HAMAMATSU, Japan, Dec. 14, 2021 /PRNewswire/ — Hamamatsu Photonics K.K., a leading provider of whole slide imaging systems, is working with Techcyte, a leading provider of a clinical pathology A.I. platform, to advance clinical pathology by improving whole slide imaging of non-histology samples.
Digital pathology is generally associated with anatomic pathology and histology. However, the ability to scan non-histology samples will help medium- and high-throughput laboratories maximize the utility of whole slide scanners. Furthermore, advances in artificial intelligence (A.I.) are increasing the accuracy and efficiency of anatomic and clinical pathology tests.
Unlike histology slides, slides prepared with liquids and smears can be extremely difficult to digitize because they can be sparse and non-uniform. To overcome these obstacles and expand the scanning capability, Techcyte uses Hamamatsu’s API (application programming interface) to improve the scanning of human and vet fecal samples, blood smears, pap smears, bacteriology samples, and airborne mold. The Hamamatsu API enables Techcyte to use A.I. and computer vision techniques to pre-scan and locate optimal scan regions to improve focus. This new approach increases the quality and decreases the file size of the resulting image, further improving the upload and analysis time.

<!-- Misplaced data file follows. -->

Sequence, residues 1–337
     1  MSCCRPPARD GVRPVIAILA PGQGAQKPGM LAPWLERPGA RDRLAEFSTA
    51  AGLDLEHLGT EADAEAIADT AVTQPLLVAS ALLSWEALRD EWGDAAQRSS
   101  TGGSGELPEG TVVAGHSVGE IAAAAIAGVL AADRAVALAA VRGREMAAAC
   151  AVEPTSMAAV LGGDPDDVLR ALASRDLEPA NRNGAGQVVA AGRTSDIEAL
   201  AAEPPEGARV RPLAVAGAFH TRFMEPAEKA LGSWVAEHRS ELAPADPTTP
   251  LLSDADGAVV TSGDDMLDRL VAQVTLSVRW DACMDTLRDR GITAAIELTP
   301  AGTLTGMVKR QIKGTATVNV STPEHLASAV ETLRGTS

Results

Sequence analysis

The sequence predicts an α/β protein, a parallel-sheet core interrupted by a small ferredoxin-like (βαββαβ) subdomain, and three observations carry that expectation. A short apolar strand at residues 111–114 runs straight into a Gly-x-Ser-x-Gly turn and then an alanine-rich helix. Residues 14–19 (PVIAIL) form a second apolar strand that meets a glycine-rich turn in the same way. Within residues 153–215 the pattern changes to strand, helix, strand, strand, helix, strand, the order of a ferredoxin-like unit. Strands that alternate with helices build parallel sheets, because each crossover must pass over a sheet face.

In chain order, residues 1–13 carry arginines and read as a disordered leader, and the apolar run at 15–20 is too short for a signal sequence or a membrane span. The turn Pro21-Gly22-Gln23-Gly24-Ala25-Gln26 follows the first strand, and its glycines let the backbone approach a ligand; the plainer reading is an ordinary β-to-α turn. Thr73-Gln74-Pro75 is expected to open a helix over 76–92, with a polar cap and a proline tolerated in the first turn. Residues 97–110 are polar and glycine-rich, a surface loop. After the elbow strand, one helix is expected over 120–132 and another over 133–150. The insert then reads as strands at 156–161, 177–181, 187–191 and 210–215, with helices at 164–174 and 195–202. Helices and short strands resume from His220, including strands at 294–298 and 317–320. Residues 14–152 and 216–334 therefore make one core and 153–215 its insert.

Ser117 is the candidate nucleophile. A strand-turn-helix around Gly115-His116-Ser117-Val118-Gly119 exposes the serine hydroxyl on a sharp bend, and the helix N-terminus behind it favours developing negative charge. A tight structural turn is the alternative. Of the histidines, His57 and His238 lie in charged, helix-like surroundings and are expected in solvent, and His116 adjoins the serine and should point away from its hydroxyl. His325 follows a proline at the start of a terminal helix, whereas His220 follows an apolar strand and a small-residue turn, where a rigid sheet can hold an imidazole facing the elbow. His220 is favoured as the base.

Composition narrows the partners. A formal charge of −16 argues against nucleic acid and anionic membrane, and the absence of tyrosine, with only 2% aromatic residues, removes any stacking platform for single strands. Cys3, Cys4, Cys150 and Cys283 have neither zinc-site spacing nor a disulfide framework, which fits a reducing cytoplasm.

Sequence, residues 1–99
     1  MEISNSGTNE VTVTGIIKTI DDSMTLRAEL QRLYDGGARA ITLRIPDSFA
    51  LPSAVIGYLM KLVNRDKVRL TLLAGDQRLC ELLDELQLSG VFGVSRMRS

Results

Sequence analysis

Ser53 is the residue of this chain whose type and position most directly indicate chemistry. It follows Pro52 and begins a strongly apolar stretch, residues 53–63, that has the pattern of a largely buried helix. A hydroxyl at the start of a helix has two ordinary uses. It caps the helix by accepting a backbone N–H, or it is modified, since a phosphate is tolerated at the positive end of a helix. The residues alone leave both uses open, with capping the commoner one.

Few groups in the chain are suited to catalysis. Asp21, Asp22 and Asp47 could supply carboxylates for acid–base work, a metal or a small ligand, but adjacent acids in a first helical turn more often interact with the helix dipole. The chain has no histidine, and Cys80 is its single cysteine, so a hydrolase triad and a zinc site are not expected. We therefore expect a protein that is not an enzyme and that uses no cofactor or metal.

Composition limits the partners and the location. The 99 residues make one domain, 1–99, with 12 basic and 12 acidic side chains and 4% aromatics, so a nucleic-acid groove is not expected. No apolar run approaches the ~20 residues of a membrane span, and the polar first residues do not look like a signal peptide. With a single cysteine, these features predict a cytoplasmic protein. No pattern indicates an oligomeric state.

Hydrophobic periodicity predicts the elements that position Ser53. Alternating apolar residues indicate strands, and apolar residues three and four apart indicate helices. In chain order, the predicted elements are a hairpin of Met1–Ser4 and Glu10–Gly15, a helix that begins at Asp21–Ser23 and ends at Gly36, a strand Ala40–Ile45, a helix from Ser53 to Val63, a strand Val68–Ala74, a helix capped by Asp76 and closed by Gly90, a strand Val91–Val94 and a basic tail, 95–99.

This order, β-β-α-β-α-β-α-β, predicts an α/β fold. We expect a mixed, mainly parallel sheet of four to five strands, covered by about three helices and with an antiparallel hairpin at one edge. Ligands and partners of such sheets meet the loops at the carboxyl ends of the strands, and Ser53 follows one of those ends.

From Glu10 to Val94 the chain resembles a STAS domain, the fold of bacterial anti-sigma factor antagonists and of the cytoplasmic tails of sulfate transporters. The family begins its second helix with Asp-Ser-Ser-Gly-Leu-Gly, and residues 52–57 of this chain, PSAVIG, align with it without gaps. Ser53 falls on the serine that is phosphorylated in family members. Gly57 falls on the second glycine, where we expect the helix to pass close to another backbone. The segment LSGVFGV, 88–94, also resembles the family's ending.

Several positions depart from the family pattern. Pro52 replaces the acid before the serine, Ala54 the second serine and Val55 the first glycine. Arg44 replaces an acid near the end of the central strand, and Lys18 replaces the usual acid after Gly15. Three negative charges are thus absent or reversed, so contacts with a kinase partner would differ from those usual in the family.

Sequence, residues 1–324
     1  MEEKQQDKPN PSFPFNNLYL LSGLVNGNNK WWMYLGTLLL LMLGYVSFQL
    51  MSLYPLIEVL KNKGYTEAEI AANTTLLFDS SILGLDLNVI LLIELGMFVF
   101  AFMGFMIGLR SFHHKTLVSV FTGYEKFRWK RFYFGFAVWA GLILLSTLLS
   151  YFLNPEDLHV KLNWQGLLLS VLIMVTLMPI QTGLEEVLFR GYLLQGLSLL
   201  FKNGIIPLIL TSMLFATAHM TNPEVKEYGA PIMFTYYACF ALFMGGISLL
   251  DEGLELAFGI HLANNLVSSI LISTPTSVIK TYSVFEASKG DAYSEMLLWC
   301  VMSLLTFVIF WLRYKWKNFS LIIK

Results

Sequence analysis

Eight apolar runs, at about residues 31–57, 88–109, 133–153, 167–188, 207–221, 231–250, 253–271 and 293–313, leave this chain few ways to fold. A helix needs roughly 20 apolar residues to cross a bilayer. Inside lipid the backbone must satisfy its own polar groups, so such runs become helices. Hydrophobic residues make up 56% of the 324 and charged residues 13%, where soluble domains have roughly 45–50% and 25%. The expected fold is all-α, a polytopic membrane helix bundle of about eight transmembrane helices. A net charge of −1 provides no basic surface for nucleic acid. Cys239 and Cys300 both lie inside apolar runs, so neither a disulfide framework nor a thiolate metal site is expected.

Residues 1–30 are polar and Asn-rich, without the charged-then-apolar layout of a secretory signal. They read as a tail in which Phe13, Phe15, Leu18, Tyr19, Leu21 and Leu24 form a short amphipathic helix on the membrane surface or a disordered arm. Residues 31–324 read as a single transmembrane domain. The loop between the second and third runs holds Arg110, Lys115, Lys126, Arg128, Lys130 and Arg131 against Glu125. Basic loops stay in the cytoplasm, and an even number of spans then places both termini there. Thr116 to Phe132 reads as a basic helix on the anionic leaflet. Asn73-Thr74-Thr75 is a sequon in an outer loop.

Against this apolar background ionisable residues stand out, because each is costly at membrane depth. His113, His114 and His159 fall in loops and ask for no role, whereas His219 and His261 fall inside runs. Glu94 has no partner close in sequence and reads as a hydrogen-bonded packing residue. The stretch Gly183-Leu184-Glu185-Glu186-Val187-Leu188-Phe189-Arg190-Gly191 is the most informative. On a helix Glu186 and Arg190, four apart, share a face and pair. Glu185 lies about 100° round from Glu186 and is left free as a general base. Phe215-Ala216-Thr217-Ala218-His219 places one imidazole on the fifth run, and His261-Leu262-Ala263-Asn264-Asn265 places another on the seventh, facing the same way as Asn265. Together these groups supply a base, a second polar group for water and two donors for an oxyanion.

The collaboration between Hamamatsu and Techcyte will first be used in labs to digitize and identify human fecal ova & parasites, cervical cytology, and mold samples, with other sample types and tests to follow quickly. Ben Cahoon, CEO of Techcyte, stated, “Great A.I. algorithms and workflows depend on great images, so collaborating with Hamamatsu to improve whole slide imaging is critical to our success. Hamamatsu’s willingness to share their scanner API sets the example of how the two industries can collaborate to improve human health.”
Scott Blakely, Business Development Manager at Hamamatsu, stated that, “This collaboration will grow the opportunity where our high-volume scanners can be used to benefit labs, and ultimately the patient, with quicker and more accurate results.”